The first meeting of a panel set up to improve the accessibility of rail journeys for everyone on the Southeastern network took place today, Thursday 5 August.
Chaired by former Paralympian and Access Consultant, Andy Barrow, the Accessible Travel Advisory Panel (ATAP) is made up of 15 members with a lived experience of accessibility issues.
Andy was joined on his journey into central London on a Southeastern train by the Rail Minister, Chris Heaton-Harris, whose remit includes the accessibility of the railway, and David Wornham, from Southeastern.
Both Andy and the Minister then took part in a lively discussion on how best to boost access to the rail network for disabled passengers - part of the first session of the ATAP.
Following the recent announcement of a national strategy to boost accessibility, remove barriers and improve confidence of disabled travellers, the minister was keen to hear the views of Southeastern’s panel members ahead of their first session, which took place next to London Bridge station.
Accessible Travel Advisory Panel Chair, Andy Barrow said:
“I’m passionate about people with any kind of impairment having full parity when using the rail network. I’ve been working closely with Southeastern to help their staff empathise with the day to day challenges that people can experience when travelling by train.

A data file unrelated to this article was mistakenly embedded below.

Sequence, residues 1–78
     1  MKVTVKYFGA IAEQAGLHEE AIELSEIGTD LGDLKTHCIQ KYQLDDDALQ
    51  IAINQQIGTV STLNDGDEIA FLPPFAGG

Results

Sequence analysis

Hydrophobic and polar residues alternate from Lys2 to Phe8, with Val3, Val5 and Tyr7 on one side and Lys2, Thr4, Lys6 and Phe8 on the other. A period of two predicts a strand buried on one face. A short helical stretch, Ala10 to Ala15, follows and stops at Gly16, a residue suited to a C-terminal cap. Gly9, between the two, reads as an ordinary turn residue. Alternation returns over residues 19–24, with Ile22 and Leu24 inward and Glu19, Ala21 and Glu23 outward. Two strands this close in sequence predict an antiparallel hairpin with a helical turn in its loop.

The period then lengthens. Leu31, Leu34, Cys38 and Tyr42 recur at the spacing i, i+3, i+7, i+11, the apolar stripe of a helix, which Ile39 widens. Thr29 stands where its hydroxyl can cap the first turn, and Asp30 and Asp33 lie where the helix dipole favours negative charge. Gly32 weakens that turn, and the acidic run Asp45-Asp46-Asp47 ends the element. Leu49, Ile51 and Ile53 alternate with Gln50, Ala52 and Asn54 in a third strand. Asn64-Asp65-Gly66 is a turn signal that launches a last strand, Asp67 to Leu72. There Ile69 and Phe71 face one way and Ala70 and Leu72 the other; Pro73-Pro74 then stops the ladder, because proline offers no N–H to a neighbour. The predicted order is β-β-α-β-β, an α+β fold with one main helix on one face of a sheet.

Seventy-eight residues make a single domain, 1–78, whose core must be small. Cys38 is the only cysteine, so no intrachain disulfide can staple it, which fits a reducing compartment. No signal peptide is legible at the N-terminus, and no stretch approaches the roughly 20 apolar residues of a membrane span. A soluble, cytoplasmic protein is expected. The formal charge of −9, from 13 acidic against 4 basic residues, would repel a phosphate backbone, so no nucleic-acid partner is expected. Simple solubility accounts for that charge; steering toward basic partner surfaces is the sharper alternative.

“Southeastern is making strides in how it responds to the needs of people with different access needs, but recognises that there’s more to do, and so when our findings are acted upon, the changes made will have a lasting and meaningful impact.”
Accessibility Minister, Chris Heaton-Harris said:
“I was delighted to attend Southeastern’s panel today and hear from such a wide variety of people with lived experience of accessibility issues.
“It’s vital that we continue to have these discussions as we make critical accessibility improvements across our transport network”.
Southeastern Passenger Services Director, David Wornham said:
“At Southeastern, our aim is to involve disabled people at an early stage of decision-making, and this panel is part of our ongoing commitment to make stations and trains across the network open to all.
“The panel will provide teams across Southeastern with informed opinions and guidance on upcoming projects as the members share their lived experiences, highlighting potential improvements or issues that may not otherwise have been considered.”
Lucy McAuliffe, Network Rail Southern region Stations Director, said:
“Making our stations open and accessible for all users is my priority. The introduction of SignLive, a sign language interpretation services for deaf passengers, RoomMate an audio guide in our accessible toilets for visually-impaired passengers, and the new Changing Places facility, an adapted bathroom for physically disabled passengers, underscores our commitment to making London Bridge station accessible to all. We still have more work to do, but working with our colleagues at Southeastern we know we can continue to make a huge difference to our passengers’ journeys.”